A groundbreaking discovery by researchers at The Vancouver Prostate Centre (VPC), a Vancouver Coastal Health Research Institute (VCHRI) centre, is giving scientists unprecedented levels of accuracy in seeing how patient-specific prostate (tumors) respond to drug therapies or develop drug resistance.
Dr. Yuzhuo Wang, associate professor at the Department of Urologic Sciences at UBC and senior scientist at the VPC and BC Cancer Agency, is the first researcher in the world to successfully grow early stage human prostate cancer tissue in hosts. Dr. Wang was even able to grow tissue from tiny needle biopsy specimens, which previously was not possible. The tissue has been used to create and standardize a novel bank of state-of-the-art prostate cancer models that, for the first time, capture the diverse biological and molecular makeup of primary prostate cancers. More significantly, the models mimic the patient's disease progression and response to therapies.
“Pre-clinical models that can truly mimic a patient’s clinical situation are critically important. They allow us to develop and test better therapeutics in advance of clinical trials in people,” says Dr. Wang. “Research findings derived from the models should have higher relevance to patients because the models are much closer to the real world – this allows us to do all sorts of cancer discoveries and validate novel therapeutics for clinical trials.”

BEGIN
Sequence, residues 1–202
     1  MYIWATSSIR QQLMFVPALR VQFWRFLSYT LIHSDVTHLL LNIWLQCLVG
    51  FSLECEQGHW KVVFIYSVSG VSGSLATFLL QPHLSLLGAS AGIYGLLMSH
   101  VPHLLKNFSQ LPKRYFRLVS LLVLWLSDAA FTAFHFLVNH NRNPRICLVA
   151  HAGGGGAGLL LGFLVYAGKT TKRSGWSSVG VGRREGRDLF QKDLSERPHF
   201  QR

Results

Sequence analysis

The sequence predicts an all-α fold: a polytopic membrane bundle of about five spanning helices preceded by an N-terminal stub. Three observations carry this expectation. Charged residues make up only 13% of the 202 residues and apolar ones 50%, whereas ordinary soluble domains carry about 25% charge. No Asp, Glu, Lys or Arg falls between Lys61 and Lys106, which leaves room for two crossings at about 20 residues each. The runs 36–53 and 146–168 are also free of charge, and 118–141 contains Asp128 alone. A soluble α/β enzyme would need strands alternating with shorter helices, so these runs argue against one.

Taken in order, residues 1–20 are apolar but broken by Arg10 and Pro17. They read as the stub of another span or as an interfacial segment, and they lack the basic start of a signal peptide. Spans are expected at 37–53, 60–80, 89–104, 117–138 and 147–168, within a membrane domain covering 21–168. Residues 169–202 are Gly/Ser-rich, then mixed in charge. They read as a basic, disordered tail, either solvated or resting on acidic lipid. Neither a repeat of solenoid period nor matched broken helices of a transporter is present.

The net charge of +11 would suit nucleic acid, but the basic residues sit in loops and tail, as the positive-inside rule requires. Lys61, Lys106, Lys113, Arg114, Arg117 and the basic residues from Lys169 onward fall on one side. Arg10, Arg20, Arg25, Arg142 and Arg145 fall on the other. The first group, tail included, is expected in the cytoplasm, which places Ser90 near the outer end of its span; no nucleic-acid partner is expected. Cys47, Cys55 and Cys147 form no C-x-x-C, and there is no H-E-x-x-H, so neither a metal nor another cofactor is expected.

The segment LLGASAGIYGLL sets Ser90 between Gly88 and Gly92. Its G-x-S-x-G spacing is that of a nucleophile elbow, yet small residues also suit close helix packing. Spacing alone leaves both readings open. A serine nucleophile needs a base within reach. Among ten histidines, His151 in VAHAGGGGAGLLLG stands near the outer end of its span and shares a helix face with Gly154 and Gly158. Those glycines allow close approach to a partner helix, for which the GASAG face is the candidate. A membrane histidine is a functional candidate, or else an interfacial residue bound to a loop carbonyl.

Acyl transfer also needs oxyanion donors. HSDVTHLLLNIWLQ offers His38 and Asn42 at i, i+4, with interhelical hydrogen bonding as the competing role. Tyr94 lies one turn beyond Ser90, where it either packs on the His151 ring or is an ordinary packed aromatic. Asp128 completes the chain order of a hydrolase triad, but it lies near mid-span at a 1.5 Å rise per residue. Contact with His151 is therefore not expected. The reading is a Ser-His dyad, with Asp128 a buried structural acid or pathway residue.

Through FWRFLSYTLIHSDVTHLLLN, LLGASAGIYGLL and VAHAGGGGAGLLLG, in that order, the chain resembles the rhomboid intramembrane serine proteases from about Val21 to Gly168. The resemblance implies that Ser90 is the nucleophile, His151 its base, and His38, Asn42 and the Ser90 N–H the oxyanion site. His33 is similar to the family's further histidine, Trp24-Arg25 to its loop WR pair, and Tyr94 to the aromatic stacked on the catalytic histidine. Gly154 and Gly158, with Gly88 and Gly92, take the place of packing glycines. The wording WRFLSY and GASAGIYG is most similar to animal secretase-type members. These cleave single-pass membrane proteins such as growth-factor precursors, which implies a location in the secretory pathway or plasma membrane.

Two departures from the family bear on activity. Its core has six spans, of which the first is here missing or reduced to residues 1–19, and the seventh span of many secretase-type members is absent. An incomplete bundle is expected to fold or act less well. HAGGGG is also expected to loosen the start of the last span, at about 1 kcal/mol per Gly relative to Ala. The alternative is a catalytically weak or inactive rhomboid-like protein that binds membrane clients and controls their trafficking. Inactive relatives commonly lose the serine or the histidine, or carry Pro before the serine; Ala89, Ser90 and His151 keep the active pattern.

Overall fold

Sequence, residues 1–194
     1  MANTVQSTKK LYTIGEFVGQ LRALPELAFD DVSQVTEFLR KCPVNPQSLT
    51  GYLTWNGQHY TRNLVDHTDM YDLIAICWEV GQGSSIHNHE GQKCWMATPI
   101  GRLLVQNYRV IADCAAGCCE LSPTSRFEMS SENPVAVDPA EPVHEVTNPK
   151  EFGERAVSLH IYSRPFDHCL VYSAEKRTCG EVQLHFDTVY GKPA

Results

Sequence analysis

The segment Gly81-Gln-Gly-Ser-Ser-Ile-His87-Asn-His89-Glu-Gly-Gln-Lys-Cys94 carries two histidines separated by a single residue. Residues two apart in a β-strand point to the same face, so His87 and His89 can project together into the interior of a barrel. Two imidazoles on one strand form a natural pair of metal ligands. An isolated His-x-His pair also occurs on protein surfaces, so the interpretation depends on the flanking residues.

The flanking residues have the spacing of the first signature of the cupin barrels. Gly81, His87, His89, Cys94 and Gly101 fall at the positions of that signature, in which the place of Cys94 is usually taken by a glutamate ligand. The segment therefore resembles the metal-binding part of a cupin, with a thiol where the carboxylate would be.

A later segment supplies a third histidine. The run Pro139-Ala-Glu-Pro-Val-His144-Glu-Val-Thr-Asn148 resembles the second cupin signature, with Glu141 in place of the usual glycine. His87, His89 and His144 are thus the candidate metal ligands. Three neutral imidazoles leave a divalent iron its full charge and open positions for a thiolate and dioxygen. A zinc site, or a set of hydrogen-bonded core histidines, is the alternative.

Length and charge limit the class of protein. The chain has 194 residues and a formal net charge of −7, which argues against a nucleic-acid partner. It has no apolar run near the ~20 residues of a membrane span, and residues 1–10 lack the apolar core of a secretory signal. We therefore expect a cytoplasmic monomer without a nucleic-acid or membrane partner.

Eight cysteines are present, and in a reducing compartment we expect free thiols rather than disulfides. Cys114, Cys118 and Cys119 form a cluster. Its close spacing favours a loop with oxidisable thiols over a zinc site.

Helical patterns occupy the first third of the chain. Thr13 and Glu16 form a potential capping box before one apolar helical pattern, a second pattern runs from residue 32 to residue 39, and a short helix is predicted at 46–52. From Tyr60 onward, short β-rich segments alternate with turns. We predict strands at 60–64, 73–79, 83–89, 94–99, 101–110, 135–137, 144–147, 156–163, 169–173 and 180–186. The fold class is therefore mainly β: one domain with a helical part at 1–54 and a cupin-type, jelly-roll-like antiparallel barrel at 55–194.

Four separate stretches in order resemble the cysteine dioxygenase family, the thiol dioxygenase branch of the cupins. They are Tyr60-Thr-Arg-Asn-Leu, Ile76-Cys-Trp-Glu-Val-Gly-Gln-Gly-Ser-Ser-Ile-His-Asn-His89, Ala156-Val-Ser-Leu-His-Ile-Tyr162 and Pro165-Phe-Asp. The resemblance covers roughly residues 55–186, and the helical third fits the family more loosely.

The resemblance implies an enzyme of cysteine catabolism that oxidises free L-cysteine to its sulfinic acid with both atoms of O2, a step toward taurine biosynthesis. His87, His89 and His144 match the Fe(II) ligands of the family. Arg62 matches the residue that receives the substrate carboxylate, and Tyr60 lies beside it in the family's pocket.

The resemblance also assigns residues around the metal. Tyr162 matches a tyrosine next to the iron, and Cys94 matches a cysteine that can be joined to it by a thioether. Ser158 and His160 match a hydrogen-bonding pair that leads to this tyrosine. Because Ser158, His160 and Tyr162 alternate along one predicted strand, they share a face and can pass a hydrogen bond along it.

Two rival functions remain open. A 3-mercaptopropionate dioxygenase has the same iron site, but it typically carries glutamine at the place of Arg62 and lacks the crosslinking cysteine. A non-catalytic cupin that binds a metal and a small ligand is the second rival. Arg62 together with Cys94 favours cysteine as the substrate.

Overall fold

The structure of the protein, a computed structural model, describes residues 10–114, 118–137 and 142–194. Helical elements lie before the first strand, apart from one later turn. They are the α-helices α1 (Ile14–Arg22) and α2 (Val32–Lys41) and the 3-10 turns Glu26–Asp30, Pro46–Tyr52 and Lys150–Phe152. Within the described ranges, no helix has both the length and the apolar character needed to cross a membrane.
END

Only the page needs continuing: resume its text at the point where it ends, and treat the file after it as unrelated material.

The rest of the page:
Prior to this discovery, prostate cancer researchers were limited to a handful of prostate cancer cell lines grown in an incubator in a plastic dish, completely disconnected from their normal context of being within a patient’s body, explains collaborator Dr. Colin Collins, professor at the Department of Urologic Sciences at UBC and senior scientist at VPC.
“Dr. Wang's breakthrough method gives the grafted tumor good blood supply, which means it behaves like a real cancer and it is much easier for experimental therapeutics to access it,” says Dr. Collins, whose team tested how closely the models mirrored the patient tumors from which they were derived.
“These really are ‘high-fidelity models’ because they do in fact preserve all the salient genetic features of the patient tumor,” he explains. “We hope this will let us sequence a patient's tumor, predict the best drugs from the sequence, and then evaluate and select the most efficacious drug that is the least toxic to the patient using this technology”.
The combination of sequencing a patient’s tumor and evaluation of yet-to-be-developed or existing therapies in the model will form a solid foundation for evidence-based precision oncology. Moreover, a recent discovery in Dr. Collins’s lab using the models has already given the team exciting and profound insight into one of the most lethal forms of prostate cancer.
“In the coming years we can see new therapeutics will be tested in the models and more personalized therapy cases will likely be carried out using these models and molecular profiling,” says Dr. Wang. “Our work certainly addresses an unmet need in prostate cancer research.”
Dr. Wang, Dr. Collins, and their collaborators’ manuscript, titled “High fidelity patient-derived xenografts for accelerating prostate cancer discovery and drug development,” has been published in Cancer Research.